Luke had requested that they film the interview somewhere other than on the set, preferably somewhere residential.
“I want everything to be relaxed and natural.”
It was McCall who had suggested his house. “You can do it out on the terrace if it isn’t too windy. The movie is shooting some scenes there so it would be appropriate.”
As Holly pulled her hair into a ponytail and watched through the glass doors Luke setting up the camera, she could feel her nerves starting to act up.
“It will be alright,” said McCall suddenly. She turned, surprised. “You were looking tense.”
“This interview has to be good.”
“I’ve watched some of Luke’s videos. As we thought, he doesn’t beat around the bush for too long, but that is what we need. We need to tell a compelling story here and I think Luke is just as invested in that as we are. This is a big opportunity for him as well.”
“I know. I know, I’m just scared about saying the wrong thing.”
“If he turns the conversation to Montell Studios just remember not to accuse Grant of anything. As long as we avoid a lawsuit, we’ll be fine.”
Holly laughed. “You know not too long ago, avoiding lawsuits wasn’t something I ever had to worry about.”
Lukelook up and waved.
“I think he’s ready,” she said.
She slid open the glass door and stepped outside. McCall followed her and took a seat a discreet distance away as Luke helped her on with her microphone. Holly then sat down and watched as Luke made one final adjustment to the camera before they began.
“Welcome Holly to the show!” Luke started. “I’m excited to be chatting with you today.”
“Thank you very much for having me.”
“We’re going to talk about your new movie: Antigone. Maybe you could say a little something on what it’s about? I know it’s a Greek classic and I should really know it but I’m afraid I’m not really up on the story.”
Alright, you have to make it sound interesting. Remember what McCall said: ‘a political thriller’.
“It’s an adaptation really. We’ve modernized the story. It’s about a young woman who plots to undermine a corrupt political regime in order to clear her brother’s name of a crime he didn’t commit but was executed for. Which is a little different from the source material while still keeping the spirit of it while having it make sense in a modern setting.”
“I thought so. The first time I read the script I was hooked. It’s definitely intense, but in a good way.”
“Do you know when the film is coming out?”
“We don’t have a release date yet. We’re still filming though.”
“Has the filming been delayed at all? I know you’ve lost some cast and crew.”
“Actually we haven’t lost that much time. Maybe a week at most? Everyone has been working so hard because we’re all so excited about this project.”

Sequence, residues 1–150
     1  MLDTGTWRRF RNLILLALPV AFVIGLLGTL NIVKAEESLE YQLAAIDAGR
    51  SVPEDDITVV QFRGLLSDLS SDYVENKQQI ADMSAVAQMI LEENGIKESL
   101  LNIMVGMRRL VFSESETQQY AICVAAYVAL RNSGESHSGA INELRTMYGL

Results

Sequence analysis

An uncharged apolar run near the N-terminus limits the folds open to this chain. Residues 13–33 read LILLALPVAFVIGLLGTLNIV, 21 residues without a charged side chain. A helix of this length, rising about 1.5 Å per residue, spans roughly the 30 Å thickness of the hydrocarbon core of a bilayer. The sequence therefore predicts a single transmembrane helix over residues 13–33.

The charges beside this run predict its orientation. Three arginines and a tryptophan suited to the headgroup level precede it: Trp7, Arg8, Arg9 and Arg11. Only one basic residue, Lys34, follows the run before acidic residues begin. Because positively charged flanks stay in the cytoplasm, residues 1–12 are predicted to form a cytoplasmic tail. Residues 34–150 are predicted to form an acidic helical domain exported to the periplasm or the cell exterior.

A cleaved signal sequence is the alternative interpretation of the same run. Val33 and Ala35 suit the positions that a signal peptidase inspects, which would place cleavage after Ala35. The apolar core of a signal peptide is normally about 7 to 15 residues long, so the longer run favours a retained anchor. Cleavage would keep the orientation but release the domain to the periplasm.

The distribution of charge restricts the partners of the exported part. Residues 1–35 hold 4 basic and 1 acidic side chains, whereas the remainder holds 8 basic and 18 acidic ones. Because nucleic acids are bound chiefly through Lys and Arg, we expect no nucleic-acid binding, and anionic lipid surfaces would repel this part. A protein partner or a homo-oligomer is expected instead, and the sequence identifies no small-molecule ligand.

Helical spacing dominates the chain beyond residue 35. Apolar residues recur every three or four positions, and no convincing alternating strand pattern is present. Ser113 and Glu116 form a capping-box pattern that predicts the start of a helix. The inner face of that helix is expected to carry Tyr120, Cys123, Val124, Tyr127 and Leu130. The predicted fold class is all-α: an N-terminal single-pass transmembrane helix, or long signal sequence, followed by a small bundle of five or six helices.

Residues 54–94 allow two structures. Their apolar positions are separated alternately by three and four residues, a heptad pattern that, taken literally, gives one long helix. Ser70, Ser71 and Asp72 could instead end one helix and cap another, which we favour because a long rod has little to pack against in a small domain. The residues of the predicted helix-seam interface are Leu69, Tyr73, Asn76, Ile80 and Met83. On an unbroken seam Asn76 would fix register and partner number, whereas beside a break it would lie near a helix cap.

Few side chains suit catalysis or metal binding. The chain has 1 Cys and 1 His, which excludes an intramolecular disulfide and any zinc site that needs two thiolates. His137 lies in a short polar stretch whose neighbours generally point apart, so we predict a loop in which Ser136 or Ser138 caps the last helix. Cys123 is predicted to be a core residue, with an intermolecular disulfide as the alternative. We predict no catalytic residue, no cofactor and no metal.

“It must be tough. I mean you’ve switched directors mid-film, that’s got to be difficult to bounce back from.”
Alright, this is it, Holly thought. She’d been hoping he’d approach the subject this way; she’d been planning for it. It was how she’d plotted to bring in the David and Goliath narrative that McCall thought was so vital.
“Not at all. Henry had a great vision for the movie and it’s a vision Walsh is more than capable of not only following but improving on. I’ve worked with Walsh before and he’s incredibly talented. Of course we all regret that Henry couldn’t stay and see the work through to completion. But at the end of the day we are an indie film. Because we have such a great story to tell, we’ve attracted some fantastically talented people to work on it, people it’s natural that big studios are going to want to hire. But again, we’re making an independent movie. No matter how good a movie it is, it will always be an uphill battle to promote it and let audiences know we’re out here. It makes perfect sense that someone would choose to work with a major studio who can offer them long term career opportunities. But it does speak of the high caliber of the people who have been working on Antigone that so many studios, especially Montell Connected Studios, are eager to work with them. And I’m happy for all the opportunities our cast and crew have been offered after their work with us.
“Additionally every one made sure they left us at a time when it wouldn’t hurt the film.” Holly winced a little inwardly at the fib and barreled on. “We all really believe in Antigone. We think people will love it if we can bring it to them. It’s an uphill battle, Hollywood isn’t an easy world for indie films, but we all know we can do it because we’re passionate about the project. So it may be a struggle to get the film noticed when there are so many bigger films out there from big studios getting big PR budgets. But to adapt a phrase from one of my favorite children’s books when I was little, I think Antigone is the little film that can. It’s riveting, it’s complex and layered and we have had so many amazing, fantastic people working on it.”
Out of the corner of her eye Holly saw McCall give her a thumbs up behind Luke’s back.